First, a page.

This is my fourth visit to Skidaway Island State Park, and I had grand plans to visit the long lane of live oaks at Wormslow, kayak along the backside of the park and look for birds, and pick up some BBQ at the local joint I like so much. But — and this is a huge but here — I had never visited Skidaway in high summer. It’s actually hella hot and humid and I was completely disincented to go much of anywhere, to be honest. The daily highs are low 90s and the low on Tuesday morning (THE LOW) was 79F. This is not weather meant for human existence, and I will die on that hill if I have to.
Just walking a half hour on the campground roads on Saturday afternoon got me a bit woozy so I adjusted my plans accordingly. Which essentially meant sucking up to the wonderful A/C unit in my trailer and taking care of inside business. Blog posts, some contract work — you know, the stuff you can do inside sitting in lovely air-conditioned comfort. That’s what I’m talking about. Call me a glamper, I’ll cop to that every single day it’s over 90F in the shade.
Skidaway is lovely: live oaks and spanish moss, beautiful blue skies with white puffy clouds. Not a hint of rain in the four days I was here. I kind of wished for some, hoping it would break the humidity but apparently we’re all under the “humidity dome” on the east coast and that means sweltering in place.
The campground has large, well-spaced sites, most of them pull-throughs, so easy in and out. And far away from the other spots, which is just the way I like it right now. By Tuesday, the last of the long weekenders had left and there were exactly 2 spots out of 5 occupied in my corner of the campground. Very quiet, which is just the way I like my campgrounds.
The mask situation here was a mixed bag. The rangers and campground workers all wore masks. The people at the local gas station did not. The shoppers at the Publix did, because there’s now a chain-wide requirement to wear them. I carried a mask in my pocket as I walked around, and I saw some others doing the same. With the park only about half full, I rarely run into other walkers though, so I walked mask-free in the mornings and evenings.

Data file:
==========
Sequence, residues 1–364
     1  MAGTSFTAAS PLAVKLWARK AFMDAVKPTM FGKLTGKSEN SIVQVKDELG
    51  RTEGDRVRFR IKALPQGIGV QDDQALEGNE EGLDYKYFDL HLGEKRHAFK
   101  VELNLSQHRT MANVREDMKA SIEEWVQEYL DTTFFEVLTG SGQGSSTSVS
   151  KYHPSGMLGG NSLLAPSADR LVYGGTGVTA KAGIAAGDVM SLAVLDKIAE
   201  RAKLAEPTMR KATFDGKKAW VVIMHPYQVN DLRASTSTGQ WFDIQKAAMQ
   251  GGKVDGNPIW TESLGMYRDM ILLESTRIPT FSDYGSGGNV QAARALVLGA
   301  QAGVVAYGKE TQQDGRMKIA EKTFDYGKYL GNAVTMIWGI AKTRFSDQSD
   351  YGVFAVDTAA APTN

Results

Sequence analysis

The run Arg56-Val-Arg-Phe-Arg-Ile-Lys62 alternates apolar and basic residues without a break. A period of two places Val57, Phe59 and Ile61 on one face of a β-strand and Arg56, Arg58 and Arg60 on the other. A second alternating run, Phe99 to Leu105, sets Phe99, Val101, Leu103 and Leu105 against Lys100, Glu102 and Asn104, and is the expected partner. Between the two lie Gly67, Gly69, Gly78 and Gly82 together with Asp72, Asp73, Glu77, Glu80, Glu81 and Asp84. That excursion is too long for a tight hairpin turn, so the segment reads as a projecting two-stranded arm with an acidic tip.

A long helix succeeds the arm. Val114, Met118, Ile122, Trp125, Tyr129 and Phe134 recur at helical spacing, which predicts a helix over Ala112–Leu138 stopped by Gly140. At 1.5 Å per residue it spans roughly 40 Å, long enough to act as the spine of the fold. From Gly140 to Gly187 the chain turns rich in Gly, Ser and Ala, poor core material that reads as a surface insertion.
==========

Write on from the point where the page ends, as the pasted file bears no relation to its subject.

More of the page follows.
After four sweltering nights, it was time to pack up and move on. I have to admit, my routine is easier without the weight distribution bars (which won’t mean anything to you if you’re not a trailer owner, but that’s OK). I still sweated up a storm getting hitched up though, so my new strategy is to turn on the truck AC as soon as I start the hitching up. That way it’s cold when I hop inside, and I can spend a minute drying off and taking a cold drink before I put it in gear and head off to the dump station and then to new adventures.
But not before I stopped by the P.O. and mailed my absentee ballot. Register to vote, register to vote by mail (also called absentee ballot voting), and VOTE.
Skidaway Island State Park
- Site 61. Most sites on the outside of the loops are well-spaced with good privacy; 66 and 56 would be my first choices. Most sites are heavily shaded, which is a bonus in hot weather. 2020 note: construction noise in the lowest numbered loop, so might want to avoid those spots!
- Services: electric, water, dump station, laundry machines ($3.50 for wash + dry)
- Cell service: Verizon (strong), ATT (almost useless)
- Groceries: Publix 3 min, Gas 3 min, Post Office drop and several banks, 3 mins (all at the Village shopping center next to the state park).
- Boat launch, 8 minutes away on the other side of the high bridge. Kayaks are also available to rent, at least on weekends.
Summer in the deep South is not only a season, a climate, it’s a dimension. Floating in it, one must either be proud or submerged.
Eugene F. Walter